When we write a CV we're asked to lay out our qualifications. Exam grades and experience from which we can be deemed qualified or unqualified for a particular job. In a previous job I was the webmaster for a company developing TalkingCV, an online video-CV package. It didn't really survive the dotcom bust because it wasn't required. Qualifications are qualifications, they can't really be dressed up with fancy technology. Either you are fit for the job, or not.
When it comes to Christian leadership, what qualifies? When I train new student leaders one of the first questions I ask is - "why you?". At least one person will answer - because there was no-one else. And often that's true. But that's not a qualification in itself. Last resorts are not what is required. It would be better to have no-one than an unqualified leader.
Paul entrusted the appointment of new leaders in the churches of Crete to Titus. He gave him two key qualifications. We might expect to see age, experience of leadership in other spheres, success in business. But none of these are there. Instead there are two key marks that qualify someone to lead. This is in the context of church elders, but the standard need be no lower for other leadership responsibility.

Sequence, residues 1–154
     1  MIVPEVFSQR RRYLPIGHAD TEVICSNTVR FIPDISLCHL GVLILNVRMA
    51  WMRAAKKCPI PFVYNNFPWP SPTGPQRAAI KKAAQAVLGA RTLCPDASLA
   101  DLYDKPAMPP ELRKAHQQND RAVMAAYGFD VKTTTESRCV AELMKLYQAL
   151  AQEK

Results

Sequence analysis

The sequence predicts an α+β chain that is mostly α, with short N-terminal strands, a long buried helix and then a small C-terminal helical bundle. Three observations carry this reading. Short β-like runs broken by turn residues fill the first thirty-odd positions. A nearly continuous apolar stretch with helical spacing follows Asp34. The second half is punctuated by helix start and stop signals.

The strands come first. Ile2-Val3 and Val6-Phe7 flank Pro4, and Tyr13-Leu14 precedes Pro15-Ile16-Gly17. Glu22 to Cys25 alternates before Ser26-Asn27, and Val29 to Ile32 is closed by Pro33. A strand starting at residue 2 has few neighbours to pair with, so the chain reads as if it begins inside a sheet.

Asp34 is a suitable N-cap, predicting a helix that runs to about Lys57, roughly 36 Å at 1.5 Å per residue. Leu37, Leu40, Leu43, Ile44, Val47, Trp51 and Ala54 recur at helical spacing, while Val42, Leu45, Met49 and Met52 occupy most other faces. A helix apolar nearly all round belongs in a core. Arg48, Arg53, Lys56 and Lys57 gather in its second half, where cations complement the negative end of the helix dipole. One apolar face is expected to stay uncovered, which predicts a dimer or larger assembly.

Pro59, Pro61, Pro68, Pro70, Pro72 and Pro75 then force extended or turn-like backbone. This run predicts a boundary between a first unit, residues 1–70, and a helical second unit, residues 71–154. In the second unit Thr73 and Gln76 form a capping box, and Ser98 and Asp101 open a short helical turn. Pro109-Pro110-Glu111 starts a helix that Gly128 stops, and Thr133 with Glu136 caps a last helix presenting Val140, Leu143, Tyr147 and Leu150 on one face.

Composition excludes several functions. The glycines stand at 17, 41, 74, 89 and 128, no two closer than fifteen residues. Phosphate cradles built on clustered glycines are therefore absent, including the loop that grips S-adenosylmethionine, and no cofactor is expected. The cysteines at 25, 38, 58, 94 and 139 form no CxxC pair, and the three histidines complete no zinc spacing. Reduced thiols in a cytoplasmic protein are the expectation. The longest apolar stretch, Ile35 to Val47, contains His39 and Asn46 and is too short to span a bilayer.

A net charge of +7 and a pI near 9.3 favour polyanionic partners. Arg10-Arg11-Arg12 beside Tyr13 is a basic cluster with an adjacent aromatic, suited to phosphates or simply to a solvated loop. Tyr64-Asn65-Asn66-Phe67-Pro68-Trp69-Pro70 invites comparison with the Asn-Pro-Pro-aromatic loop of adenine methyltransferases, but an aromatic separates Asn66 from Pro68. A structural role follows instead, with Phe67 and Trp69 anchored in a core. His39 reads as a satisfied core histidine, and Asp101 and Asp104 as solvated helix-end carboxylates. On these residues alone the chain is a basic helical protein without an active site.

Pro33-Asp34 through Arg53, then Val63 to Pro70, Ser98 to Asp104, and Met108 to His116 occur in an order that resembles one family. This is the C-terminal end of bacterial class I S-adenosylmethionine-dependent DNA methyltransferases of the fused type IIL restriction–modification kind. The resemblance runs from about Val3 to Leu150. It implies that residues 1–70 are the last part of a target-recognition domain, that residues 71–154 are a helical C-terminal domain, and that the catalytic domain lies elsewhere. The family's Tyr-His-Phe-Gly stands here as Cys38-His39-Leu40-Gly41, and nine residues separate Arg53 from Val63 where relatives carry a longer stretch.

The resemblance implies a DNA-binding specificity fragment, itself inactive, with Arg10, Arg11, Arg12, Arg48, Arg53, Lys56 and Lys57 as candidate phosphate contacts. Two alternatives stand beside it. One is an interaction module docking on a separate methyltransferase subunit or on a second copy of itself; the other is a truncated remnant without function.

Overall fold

Firstly, Titus 1v5-8 - Character.
The two key words here are "above reproach" (or, blameless) and "self-controlled". They're detailed into different areas of life but these are good summaries. Blameless cannot mean sinless, perhaps more like unable to be exposed for sin, and when sin is shown up to accept correction humbly and with repentance. Titus must find those who meet these standards. And, Paul expects him to be able to do so, even in such a young church.
Secondly, Titus 1v9 - Convictions.
Convictions concerning Paul's preached gospel must be held to firmly by those qualified to lead. This is for two reasons, first to instruct God's people in sound doctrine. Strategy and ideas are interesting, but what is needed is sound doctrine. God revealed trustworthy truth about God's eternal salvation plan. Truly practical life-changing teaching (as Paul will outline later in the letter). The second reason is to refute false teaching in the church. This was rife in Crete, and was ruining both the false teachers and those who listen to them, corrupting and destroying them. They must be silenced and called back to sound faith once more.
On the one hand the standard seems very high - and rightly so. Leadership is a responsible accountable task that must be taken seriously and an honourable pursuit. On the other hand, as Don Carson comments, the standard isn't at all extraordinary. Those who seek to lead are to be able to control themselves and hold to the convictions without which the church falls. I feel the challenge of these qualifications. And I long to see my character develop, and my convictions grow all the stronger.